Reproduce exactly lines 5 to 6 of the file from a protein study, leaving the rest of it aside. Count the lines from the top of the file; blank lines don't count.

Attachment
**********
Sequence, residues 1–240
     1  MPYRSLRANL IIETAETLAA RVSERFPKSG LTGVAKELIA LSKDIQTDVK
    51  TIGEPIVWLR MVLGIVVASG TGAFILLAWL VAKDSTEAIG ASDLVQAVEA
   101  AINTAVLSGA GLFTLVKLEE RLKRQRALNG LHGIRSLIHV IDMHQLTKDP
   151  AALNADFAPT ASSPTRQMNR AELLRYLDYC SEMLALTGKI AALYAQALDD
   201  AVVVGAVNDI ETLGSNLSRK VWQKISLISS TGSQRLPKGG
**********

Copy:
   151  AALNADFAPT ASSPTRQMNR AELLRYLDYC SEMLALTGKI AALYAQALDD
   201  AVVVGAVNDI ETLGSNLSRK VWQKISLISS TGSQRLPKGG